The Flying Doctor
Australia's Red Center: Alice Springs

   Our other tourist destinations in Alice Springs were to the Desert Park (an exhibit of desert wildlife), the Royal Flying Doctor Service, the School of the Air, and finally a date grove where we had afternoon coffee and date cake before returning to Melbourne. 
   The Flying Doctor Service was started by a Presbyterian missionary in 1928 as a way of providing health care to people in remote areas.  Communication to the center in Alice Springs was by radio and when a call came in a pilot and a doctor would head out hoping that when they got there they would find a suitable place to land.  The radio service is also used to give medical advice for immediate treatment while the patient is waiting for the doctor to arrive. When we toured the center in the early afternoon, the log on the wall showed five emergencies had already been dealt with that day.  In the 1950's someone had the idea of using the same radio service to provide schooling to children who live on remote cattle stations and that became the School of the Air.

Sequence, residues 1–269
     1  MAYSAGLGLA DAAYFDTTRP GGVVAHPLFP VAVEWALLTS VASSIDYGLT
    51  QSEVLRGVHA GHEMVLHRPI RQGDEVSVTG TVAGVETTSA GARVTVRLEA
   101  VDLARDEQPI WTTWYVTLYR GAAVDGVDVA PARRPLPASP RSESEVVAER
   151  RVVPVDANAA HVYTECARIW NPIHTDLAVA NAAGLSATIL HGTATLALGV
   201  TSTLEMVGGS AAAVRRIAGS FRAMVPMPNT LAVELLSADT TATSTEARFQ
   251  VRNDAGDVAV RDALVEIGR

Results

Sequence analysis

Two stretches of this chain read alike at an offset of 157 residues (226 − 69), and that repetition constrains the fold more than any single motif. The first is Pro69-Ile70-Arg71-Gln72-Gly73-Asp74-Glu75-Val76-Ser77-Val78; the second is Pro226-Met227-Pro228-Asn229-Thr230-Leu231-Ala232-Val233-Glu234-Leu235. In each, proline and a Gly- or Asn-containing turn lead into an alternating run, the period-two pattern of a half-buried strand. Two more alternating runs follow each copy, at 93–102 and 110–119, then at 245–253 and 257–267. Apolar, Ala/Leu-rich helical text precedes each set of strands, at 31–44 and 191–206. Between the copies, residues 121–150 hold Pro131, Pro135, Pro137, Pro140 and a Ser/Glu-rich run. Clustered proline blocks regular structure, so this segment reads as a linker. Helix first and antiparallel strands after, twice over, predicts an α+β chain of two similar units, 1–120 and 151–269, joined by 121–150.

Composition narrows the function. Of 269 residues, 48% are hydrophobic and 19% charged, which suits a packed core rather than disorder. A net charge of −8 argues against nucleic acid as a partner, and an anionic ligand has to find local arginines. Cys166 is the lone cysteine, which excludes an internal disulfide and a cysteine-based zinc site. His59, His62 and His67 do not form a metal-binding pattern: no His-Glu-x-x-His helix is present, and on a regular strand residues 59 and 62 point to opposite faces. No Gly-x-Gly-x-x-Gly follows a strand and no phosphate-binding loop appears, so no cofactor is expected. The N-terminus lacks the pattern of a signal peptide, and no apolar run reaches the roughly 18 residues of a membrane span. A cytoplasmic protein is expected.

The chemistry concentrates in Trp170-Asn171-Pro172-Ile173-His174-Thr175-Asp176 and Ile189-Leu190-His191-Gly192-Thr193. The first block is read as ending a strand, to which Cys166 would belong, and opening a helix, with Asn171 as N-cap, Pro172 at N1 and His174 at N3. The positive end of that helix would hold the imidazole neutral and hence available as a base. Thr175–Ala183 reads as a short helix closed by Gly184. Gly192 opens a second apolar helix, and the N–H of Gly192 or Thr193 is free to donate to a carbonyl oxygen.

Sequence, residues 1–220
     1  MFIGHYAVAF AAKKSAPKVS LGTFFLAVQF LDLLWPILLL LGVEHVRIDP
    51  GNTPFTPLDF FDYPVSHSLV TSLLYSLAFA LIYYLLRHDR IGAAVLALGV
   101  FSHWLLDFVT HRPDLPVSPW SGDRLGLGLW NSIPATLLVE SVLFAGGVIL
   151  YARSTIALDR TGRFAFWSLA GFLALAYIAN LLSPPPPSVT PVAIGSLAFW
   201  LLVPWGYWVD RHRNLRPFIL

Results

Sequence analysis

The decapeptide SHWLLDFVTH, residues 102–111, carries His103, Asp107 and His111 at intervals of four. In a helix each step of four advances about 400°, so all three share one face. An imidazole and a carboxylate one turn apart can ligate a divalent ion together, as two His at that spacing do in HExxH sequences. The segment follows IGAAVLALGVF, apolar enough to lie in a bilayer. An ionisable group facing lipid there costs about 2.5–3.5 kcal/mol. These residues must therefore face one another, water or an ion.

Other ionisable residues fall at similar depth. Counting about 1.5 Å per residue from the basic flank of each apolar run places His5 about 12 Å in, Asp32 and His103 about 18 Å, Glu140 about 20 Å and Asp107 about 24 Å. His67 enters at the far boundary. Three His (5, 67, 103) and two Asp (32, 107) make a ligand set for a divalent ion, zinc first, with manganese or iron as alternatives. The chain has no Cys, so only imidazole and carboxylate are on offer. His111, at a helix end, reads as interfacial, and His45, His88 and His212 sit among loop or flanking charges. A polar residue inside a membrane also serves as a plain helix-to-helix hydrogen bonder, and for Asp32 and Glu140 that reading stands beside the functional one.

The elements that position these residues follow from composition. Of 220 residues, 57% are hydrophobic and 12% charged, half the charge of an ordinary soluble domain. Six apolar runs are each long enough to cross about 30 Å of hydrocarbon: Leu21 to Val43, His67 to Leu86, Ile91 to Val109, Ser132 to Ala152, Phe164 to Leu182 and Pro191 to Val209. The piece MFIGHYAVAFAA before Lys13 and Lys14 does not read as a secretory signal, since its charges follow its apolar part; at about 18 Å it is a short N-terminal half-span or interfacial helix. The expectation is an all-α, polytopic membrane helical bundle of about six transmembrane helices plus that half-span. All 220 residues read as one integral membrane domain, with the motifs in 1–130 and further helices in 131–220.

School of the Air

Australia's Red Center: Alice Springs

Studio at School of the Air where classes are broadcast

   The School of the Air now has its own facility and teaches about 200 children, some of them living as far as 1000 kilometers from Alice Springs.  We listened in as a teacher gave a lesson to a six year old student.  Kids get group lessons by grade level each morning for an hour and then once a week each child gets an individual lesson.  The kids get lesson packets every two weeks in the mail and the work is supervised either by a parent or a governess.  We saw samples of work on display at the school headquarters and it was well done.  In many ways these kids have all the advantages of individual attention in their home schooling and at the same time they are able to grow up on their cattle stations and be part of that life too.